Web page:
Getting things done on a faster trajectory is also high on SMEs' priority list, and states are responding by trying to streamline policies and procedures for permitting. Leiphon says Colorado and Utah both launched regulatory streamlining processes that brought small business to the table. "In Utah they cut 358 regulations, according to our 2012 report," says Schill, noting that the state's other standout attributes include its regulatory structure for banking and its high number of multilingual individuals.
Here are further highlights from the Enterprising States report:
Colorado's Enterprise Zone tax credit program offers a variety of credits and exemptions to businesses that create jobs in designated zones, including economically distressed rural areas. Looking to enhance the program, the state launched a task force in 2012 to identify reforms for review and adoption by the 2013 legislature.
The CO-EXIst initiative offers grants and support to companies seeking to do business in China and Mexico, funding trade missions and other export enhancement activities.
Idaho's business establishment birthrate ranks a robust 9th among the states, and its business climate ranks 10th overall, "an accomplishment that is undoubtedly fostered by the Business.Idaho.gov web portal, created to help simplify business interactions with the state government."
Small business development in Montana is supported through the state's MicroBusiness Finance Program. Active for more than 20 years, the initiative offers loans to companies with up to 10 employees, working through the state's network of MicroBusiness Development Corporations. In addition to providing funding to finance expansion and associated job creation, the program offers businesspeople access to training, information, and other resources they need to improve their companies' competitiveness.
Montana's Growth Through Agriculture program offers grants and loans to businesses in the process of developing marketable agricultural products and processes.
The state's Indian Country Economic Development initiative directs funding to support economic development projects, workforce training, entrepreneurial development programs, and other job creation efforts on the reservations of the eight sovereign tribal nations present in the state.
There are more than 7,000 technology companies in Utah, according to the Utah Technology Council, and job growth in these companies is twice that of businesses outside the high-tech industry. In 2012, the Utah Legislature approved $2.5 million in funding for The Engineering Initiative. This funding will help recruit faculty, strengthen distance education systems, and provide scholarships to increase the supply of engineering graduates needed to sustain the growth and attraction of high-tech companies. USTAR also received $6 million in 2012 to support research and innovation at Utah's universities, creating commercial opportunities leading to private sector business development and attraction.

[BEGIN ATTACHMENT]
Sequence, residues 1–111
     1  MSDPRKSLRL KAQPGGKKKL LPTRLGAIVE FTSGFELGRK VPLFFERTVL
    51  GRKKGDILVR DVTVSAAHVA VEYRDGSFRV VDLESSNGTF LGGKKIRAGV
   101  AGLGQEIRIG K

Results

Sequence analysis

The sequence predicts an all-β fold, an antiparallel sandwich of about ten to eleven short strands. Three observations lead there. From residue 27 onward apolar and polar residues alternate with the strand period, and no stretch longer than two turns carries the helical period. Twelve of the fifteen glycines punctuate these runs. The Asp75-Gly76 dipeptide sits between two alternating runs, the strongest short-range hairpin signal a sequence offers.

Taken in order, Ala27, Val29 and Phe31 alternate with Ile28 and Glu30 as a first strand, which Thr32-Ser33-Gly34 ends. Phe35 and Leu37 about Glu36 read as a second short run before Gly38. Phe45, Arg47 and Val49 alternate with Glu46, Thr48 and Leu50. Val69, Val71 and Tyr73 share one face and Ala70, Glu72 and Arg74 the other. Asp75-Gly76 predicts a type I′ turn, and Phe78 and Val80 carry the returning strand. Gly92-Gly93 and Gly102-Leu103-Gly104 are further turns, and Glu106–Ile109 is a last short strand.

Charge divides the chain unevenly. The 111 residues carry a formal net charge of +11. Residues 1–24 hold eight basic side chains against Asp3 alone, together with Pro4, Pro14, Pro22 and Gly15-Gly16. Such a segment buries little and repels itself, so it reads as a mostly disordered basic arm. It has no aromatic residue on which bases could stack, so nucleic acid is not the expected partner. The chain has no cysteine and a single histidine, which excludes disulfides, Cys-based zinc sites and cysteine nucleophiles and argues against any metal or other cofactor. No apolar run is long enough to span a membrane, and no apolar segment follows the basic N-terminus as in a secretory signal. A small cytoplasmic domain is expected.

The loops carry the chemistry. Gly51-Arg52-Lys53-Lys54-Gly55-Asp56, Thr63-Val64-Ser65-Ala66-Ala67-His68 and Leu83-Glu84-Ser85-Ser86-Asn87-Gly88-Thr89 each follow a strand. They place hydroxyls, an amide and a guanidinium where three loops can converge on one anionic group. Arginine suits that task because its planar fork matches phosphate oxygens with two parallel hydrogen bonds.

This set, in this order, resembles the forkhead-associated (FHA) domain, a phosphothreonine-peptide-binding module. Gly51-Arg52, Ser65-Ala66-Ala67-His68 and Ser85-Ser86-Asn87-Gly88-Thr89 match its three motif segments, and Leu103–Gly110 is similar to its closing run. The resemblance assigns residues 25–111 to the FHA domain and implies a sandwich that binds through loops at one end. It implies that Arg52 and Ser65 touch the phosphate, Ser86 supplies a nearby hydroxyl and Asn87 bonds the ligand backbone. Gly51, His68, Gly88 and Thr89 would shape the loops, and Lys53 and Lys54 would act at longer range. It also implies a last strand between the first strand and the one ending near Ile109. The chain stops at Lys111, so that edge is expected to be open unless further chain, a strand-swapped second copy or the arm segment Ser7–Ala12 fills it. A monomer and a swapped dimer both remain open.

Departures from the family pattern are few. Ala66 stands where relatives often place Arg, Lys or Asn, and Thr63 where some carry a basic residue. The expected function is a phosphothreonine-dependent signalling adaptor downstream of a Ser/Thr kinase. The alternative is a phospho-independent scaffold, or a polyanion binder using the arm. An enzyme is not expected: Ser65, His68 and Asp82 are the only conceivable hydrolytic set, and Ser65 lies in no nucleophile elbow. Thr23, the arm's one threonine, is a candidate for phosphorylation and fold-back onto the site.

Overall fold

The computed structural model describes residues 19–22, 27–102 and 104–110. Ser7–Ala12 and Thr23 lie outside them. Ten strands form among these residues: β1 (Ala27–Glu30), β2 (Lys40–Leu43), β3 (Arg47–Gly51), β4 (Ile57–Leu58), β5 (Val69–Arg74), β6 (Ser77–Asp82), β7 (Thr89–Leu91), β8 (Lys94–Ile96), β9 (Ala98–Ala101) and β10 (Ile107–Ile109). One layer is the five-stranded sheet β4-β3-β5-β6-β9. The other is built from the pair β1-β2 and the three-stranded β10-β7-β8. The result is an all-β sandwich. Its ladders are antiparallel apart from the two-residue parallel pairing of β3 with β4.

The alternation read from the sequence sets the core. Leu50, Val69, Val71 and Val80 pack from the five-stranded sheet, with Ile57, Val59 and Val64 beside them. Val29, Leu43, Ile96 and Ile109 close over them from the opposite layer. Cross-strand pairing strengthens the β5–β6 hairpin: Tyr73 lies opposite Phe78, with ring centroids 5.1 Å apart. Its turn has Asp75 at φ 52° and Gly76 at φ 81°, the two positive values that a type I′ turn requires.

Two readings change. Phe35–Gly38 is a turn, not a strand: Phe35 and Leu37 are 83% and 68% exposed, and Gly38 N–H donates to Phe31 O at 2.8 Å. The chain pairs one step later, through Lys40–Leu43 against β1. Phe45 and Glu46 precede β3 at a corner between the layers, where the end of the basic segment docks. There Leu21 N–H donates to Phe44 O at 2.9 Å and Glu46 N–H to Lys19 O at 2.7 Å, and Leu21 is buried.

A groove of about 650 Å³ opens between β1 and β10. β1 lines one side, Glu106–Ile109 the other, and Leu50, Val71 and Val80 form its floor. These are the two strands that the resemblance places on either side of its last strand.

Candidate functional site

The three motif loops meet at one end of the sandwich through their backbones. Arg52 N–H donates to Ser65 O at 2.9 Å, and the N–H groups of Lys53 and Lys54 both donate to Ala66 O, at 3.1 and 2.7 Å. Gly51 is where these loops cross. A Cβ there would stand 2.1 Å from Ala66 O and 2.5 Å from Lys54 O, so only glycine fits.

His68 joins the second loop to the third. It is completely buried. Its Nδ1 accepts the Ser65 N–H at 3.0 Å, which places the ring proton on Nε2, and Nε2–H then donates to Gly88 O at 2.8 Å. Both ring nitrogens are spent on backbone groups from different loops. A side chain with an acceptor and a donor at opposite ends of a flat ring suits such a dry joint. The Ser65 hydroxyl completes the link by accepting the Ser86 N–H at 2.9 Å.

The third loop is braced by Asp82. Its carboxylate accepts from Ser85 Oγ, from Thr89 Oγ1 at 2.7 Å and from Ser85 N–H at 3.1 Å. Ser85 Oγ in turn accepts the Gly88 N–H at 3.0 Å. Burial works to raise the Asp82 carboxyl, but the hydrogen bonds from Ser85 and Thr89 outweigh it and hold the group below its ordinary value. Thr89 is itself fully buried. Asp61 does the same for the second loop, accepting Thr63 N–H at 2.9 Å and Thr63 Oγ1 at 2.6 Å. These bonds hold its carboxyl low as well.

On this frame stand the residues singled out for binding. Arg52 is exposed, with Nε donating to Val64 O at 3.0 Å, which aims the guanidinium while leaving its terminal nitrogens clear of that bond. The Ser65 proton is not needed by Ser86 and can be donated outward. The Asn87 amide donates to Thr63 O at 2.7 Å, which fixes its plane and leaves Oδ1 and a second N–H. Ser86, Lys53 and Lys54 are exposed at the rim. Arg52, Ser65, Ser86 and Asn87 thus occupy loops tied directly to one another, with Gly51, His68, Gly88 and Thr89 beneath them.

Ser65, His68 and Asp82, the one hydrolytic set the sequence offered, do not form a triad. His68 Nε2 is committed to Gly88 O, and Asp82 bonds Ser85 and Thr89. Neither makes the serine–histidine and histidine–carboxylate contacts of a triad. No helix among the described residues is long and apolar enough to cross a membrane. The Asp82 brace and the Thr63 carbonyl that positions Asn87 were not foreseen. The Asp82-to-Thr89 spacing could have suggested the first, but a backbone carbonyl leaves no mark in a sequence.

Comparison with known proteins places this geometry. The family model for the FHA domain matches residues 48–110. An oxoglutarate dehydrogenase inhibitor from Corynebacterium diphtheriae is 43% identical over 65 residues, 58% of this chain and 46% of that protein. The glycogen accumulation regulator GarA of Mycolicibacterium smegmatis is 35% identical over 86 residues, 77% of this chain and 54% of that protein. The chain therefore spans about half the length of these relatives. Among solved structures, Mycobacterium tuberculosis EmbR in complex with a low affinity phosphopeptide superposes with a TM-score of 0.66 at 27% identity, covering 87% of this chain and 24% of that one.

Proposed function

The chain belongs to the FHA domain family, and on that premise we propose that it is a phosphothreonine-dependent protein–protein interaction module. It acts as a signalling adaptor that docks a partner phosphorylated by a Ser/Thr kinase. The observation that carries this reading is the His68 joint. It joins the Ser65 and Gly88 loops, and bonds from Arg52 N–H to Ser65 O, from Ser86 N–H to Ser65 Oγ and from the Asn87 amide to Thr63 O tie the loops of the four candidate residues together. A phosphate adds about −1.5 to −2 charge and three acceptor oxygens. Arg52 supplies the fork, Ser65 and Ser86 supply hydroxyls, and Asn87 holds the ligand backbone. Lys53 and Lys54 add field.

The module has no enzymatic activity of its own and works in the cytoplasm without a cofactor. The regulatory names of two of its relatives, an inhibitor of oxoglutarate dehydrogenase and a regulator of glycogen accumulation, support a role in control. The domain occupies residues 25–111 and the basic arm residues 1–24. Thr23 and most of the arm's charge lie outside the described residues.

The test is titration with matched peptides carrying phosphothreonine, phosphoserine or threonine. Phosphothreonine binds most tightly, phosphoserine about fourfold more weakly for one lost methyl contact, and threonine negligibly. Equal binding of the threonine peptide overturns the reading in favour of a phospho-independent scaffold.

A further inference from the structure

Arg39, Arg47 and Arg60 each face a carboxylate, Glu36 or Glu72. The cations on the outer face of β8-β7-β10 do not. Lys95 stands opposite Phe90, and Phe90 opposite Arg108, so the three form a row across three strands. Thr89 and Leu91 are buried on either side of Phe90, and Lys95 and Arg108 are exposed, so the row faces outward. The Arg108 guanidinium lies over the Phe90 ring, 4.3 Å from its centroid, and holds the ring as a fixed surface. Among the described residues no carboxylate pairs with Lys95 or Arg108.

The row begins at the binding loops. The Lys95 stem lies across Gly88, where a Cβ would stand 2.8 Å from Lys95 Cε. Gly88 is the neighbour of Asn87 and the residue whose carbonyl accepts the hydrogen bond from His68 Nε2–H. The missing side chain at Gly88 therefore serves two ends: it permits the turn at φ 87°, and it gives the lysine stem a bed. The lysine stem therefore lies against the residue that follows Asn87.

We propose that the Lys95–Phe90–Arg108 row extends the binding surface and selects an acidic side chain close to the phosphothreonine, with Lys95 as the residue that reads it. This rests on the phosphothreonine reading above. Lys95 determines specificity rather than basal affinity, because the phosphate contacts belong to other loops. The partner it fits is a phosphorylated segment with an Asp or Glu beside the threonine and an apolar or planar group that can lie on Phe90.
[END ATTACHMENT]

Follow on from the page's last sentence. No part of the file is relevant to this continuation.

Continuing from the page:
Startup Ogden is one example of the State of Utah and the Governor's Office of Economic Development teaming with higher education to boost economic development. A relationship with Weber State University offers technology and business skills training to residents and to startup businesses in the community.
Wyoming's Business Ready Community program creates a structure for the state to partner with cities and towns on job creation. Under the terms of the program, the state provides loans and grants to finance infrastructure upgrades needed to help a business expand or locate in a community, undertake economic planning, or upgrade amenities to make a community more attractive to business activity.
To help new small businesses easily gain access to the permits and licenses they need to get up and running, Wyoming established a Business Permitting Assistance Office. This one-stop shop offers entrepreneurs easy access to information on regulations related to starting and growing a business.